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Teaming Up: Part 1 - Getting Started

By joelstricklandon - Read 5202 times

Image by Gustavo Cabana

Looking back across a season of high profile competitions and seeing professional teams across many different disciplines throw down their best performances can have a powerful effect on the imagination. The pull towards the ziggurat of organised competition can be strong - but what you ultimately witness is the end product of a lot of time and effort, so it important to know exactly what you might be getting into and addressing some front-end considerations will help you get on the good foot.

What really goes into starting a skydiving team? What are the advantages and rewards in the immediate future and then further on down the road? Also, what are the costs and compromises - both obvious and perhaps less so?

There are different ways of making a team happen. Some countries have a national skydiving organisation that plays an active role in the selection and training of talented individuals for the purpose of competition (e.g. France - who recognise parachuting as a national sport), although the more normalised method is whatever body controls the skydiving interests in your country will have an application method for allocating support to functioning teams with a valid performance history - which means at the beginning and for the foreseeable future you are likely on your own.

Other possibilities exist: Private coaching operations such as Satori Academy (www.teamsatori.co.uk) conduct season-long programmes in which a pool of students are seeded into teams of appropriate skill with the intention of building towards competition. Also sometimes already established teams might lose a member (for any number of reasons) and seek a replacement via. application and/or audition. However, by far the most probable beginning is that you and a group of friends that regularly jump together and socialise in the same circles will pass the idea around a bit and have things grow from there. You are practically a team already right? All you need is a cool name and some matching shit and glory awaits. Right?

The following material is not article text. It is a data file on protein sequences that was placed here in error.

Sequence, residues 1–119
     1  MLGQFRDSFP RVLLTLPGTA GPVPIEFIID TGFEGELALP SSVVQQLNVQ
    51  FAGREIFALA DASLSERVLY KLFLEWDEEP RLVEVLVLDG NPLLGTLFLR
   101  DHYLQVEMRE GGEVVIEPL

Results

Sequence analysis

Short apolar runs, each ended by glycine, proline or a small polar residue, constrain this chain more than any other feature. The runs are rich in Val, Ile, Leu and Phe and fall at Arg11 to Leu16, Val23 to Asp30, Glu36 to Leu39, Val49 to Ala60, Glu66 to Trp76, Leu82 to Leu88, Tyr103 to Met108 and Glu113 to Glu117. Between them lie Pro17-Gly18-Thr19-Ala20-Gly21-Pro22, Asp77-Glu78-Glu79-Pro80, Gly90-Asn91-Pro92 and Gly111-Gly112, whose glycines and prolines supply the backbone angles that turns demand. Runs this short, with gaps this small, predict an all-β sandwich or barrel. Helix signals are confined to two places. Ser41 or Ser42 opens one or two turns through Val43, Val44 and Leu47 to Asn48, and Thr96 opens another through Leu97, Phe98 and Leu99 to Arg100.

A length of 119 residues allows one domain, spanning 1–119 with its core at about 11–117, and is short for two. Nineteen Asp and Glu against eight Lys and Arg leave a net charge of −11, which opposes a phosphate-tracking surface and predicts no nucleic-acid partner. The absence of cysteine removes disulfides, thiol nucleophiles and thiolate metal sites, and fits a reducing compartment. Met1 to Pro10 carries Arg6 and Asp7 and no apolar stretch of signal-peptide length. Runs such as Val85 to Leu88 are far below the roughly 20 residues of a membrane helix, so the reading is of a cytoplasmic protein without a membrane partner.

Image by Simon Brentford

Now What?

The first thing that happens once you commit is you will become filled with motivation. Outwardly nothing has changed - you are the same gaggle of mismatched skydivers you were this morning, yet now you have a purpose! The machinery inside your head will be whirring and whizzing about all the things you might achieve.

The clearest immediate payoff from the decision to compete is this sense of purpose. It is very easy to get lazy when skydiving and fall into patterns of the same comfortable familiar behaviour - always flying your strong ways, always swooping the same direction - never training the wonky side or pushing yourself forward. Having the date of your first competition marked on a calendar by which you have to achieve specific things is a really good method to highlight how much more you could be getting out of your jumps right now - and the extra things you could be learning around the edges from all the different sources of information available out there. Also - the format and structure of competitions themselves are are designed to test your range of ability. The various dive pools for FS or VFS (and MFS!), the compulsory moves for Artistics and the indoor ruleset cover the full range of movement you have been using for your casual flying. Learning and practicing these will strengthen your knowledge and draw attention to weak areas where you need focus and improve.

Image by Jim Harris

Things To Consider:

It is easy to get excited about all of the great things you are going to achieve. Your new teammates might all be present and correct for the boozy bar talk of world domination, but how much is everyone really committed to the idea? When it comes down to the early starts on cold mornings is everybody going to actually be there? Also, the way you interact is going to change. The kind of mistakes that make for fun stories over a weekend of jumping might well create tension and arguments when there is more on the line. Competing can bring many rewards and be a lot of fun but it is also hard work. By introducing a formal element into your skydiving you risk making it into just that - work. Examine why it is that you skydive and have the others do the same. What do you realistically hope to achieve from teaming up? What are the trade-offs exactly? You could see it as being more serious across the board in return for deeper rewards, or a motivating way to throw money at your passion and improve much faster than before.

Team skydiving is worth the effort for many reasons, so if you are in a position to do so then don’t let any possible negative elements dissuade you - but examining potential hiccups and conflicts of interest early on can help everything to run smoothly from the beginning.



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